a function of the target rating of each CLO liability being
reviewed.

Moody's notes that this transaction is subject to a high level of
macroeconomic uncertainty, as evidenced by (1) uncertainties of
credit conditions in the general and (2) the large concentration
of speculative-grade debt maturing between 2012 and 2015 which
may create challenges for issuers to refinance. CLO notes'
performance may also be impacted by (1) the manager's investment
strategy and behavior and (2) divergence in legal interpretation
of CDO documentation by different transactional parties due to
embedded ambiguities.

Sources of additional performance uncertainties are:

1) Moody's notes that around 74% of the collateral pool consists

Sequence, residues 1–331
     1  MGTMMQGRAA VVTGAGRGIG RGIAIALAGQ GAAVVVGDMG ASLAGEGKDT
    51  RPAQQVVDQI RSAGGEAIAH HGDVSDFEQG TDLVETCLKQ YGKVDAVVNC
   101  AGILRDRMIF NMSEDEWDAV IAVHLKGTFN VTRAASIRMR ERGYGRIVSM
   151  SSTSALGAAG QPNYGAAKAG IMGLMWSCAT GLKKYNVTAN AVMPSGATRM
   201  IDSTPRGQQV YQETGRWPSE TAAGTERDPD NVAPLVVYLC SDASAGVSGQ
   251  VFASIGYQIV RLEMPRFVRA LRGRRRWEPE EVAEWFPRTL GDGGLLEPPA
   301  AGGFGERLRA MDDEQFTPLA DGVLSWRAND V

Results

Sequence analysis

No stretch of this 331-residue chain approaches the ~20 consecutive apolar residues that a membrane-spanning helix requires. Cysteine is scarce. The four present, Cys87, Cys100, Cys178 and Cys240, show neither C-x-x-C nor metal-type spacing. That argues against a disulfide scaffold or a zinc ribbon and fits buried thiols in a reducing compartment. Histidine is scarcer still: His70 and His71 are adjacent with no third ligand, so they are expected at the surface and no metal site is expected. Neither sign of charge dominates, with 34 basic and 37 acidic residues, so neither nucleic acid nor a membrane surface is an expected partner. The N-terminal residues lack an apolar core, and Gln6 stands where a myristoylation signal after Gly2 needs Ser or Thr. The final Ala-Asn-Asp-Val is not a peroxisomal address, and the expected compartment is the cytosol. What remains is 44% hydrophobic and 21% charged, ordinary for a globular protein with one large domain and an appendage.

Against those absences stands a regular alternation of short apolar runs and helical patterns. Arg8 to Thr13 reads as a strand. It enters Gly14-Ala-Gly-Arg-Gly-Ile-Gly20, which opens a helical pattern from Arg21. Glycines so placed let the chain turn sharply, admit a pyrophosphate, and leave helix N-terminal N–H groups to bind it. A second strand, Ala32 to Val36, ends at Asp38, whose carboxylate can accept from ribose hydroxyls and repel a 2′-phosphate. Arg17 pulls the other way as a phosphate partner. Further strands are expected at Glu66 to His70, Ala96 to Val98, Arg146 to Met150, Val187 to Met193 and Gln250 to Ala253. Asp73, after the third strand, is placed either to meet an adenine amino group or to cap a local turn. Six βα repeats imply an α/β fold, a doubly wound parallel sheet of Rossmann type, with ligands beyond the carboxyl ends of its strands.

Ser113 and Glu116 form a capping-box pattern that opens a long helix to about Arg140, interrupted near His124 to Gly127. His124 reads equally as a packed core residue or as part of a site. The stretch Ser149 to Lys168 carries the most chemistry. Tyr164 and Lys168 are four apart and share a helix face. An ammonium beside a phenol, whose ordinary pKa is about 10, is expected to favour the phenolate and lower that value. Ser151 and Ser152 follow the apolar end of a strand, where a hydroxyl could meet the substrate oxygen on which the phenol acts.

of debt obligations whose credit quality has been assessed
   through Moody's credit estimates. Large single exposures to
   obligors bearing a credit estimate have been subject to a
   stress applicable to concentrated pools as per the report
   titled "Updated Approach to the Usage of Credit Estimates in
   Rated Transactions" published in October 2009.

2) Weighted average life: The notes' ratings are sensitive to the
   weighted average life assumption of the portfolio, which may
   be extended due to the manager's decision to reinvest into new
   issue loans or other loans with longer maturities and/or
   participate in amend-to-extend offerings. Moody's tested for a
   possible extension of the actual weighted average life in its
   analysis.

3) Other collateral quality metrics: The deal is allowed to